I made an impulsive decision this afternoon, sitting at my desk after an astonishingly smooth first day of school. We are doing a hybrid plan this year, and our students haven't been in our classrooms since March. Today the first groups came to school, and we got the whole process underway. They got lockers and heard about COVID policies, went up and down specially marked staircases (not up and down the same ones; some are for up and some for down - making me think of that classic book on teaching, Up the Down Staircase), sat six feet apart wearing masks. I've been fretting for weeks about how it would go, and it went fine. Tomorrow we'll do it all again with the second groups, while today's students work online.
The decision I made was to participate in Slice of Life, a Tuesday ritual that I've watched others doing for years. Here's today's roundup of other people's Slice of Life stories.
Today I sat at our school's outdoor cafeteria and ate lunch with a new colleague. We live in Haiti, and our weather only keeps us from eating outdoors once or twice a school year when it rains during the day. We have picnic tables, and for this year they have been specially painted with yellow circles to show where it's OK to sit - only three kids per table.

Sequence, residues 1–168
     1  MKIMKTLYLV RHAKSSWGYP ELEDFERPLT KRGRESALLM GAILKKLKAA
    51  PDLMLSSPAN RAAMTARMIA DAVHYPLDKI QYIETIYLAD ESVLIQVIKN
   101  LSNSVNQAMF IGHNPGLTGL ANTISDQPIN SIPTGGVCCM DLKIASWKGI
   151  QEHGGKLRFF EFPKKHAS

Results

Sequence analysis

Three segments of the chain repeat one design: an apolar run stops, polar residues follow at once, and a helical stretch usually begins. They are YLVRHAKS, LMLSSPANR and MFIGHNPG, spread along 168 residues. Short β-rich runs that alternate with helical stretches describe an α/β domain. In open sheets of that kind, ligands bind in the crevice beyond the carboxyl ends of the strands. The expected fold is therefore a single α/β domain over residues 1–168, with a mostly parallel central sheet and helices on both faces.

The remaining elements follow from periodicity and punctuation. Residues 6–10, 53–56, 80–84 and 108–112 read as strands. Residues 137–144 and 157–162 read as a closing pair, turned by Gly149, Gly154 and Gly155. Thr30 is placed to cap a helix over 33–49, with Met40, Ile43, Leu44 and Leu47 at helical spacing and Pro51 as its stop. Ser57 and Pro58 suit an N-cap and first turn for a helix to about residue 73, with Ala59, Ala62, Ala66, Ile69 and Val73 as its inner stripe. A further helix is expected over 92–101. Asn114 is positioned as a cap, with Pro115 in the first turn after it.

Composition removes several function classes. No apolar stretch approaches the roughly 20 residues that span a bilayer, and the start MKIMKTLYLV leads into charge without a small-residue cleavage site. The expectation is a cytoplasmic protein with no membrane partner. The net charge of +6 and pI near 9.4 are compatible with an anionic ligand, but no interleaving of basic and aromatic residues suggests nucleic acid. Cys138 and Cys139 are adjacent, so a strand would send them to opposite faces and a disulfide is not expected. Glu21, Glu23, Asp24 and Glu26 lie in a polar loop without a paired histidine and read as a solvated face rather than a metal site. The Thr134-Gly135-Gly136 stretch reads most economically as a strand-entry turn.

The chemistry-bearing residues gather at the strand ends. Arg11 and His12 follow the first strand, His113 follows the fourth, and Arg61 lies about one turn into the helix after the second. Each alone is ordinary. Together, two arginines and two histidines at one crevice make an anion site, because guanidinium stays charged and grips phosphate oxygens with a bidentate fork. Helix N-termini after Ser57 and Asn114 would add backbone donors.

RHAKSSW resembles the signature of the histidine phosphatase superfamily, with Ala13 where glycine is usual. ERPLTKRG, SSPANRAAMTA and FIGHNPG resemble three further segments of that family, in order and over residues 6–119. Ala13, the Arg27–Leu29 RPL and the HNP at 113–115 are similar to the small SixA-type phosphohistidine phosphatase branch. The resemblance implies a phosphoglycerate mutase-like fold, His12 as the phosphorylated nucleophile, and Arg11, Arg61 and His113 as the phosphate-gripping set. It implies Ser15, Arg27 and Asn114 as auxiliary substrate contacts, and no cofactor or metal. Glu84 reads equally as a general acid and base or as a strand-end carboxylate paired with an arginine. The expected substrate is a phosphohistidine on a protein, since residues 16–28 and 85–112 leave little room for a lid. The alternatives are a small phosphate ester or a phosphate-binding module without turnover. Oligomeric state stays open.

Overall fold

My new colleague asked how long I had taught at our school, and when I told him the year I moved to this country and started working here, he looked startled and told me that was the year after he was born. He's 28. Yes, I've been around here for a while. This year is definitely the weirdest and most intimidating, but I've faced challenges before. I think of my first year, when I learned that my students were used to a revolving door and plenty of starry-eyed young teachers from the US, and were not that eager to make my acquaintance. Year two was infinitely easier as far as acceptance from my students, but that year the US invaded Haiti, or "intervened" as they put it, and we had a tank in our parking lot for months. There was the year of the hunger riots, when protesters ransacked the convenience store across the street from our school, damaging it so badly that it's still sitting empty today. There was the year of the earthquake, when I left the country with my children and didn't return until six months later. There have been years of political turmoil, years of difficult classes that stretched me and made me want to quit some days, years of struggle in my personal life.
And all those years brought me to this year, with new challenges. Can I meet them and survive? Or even thrive? Let's find out!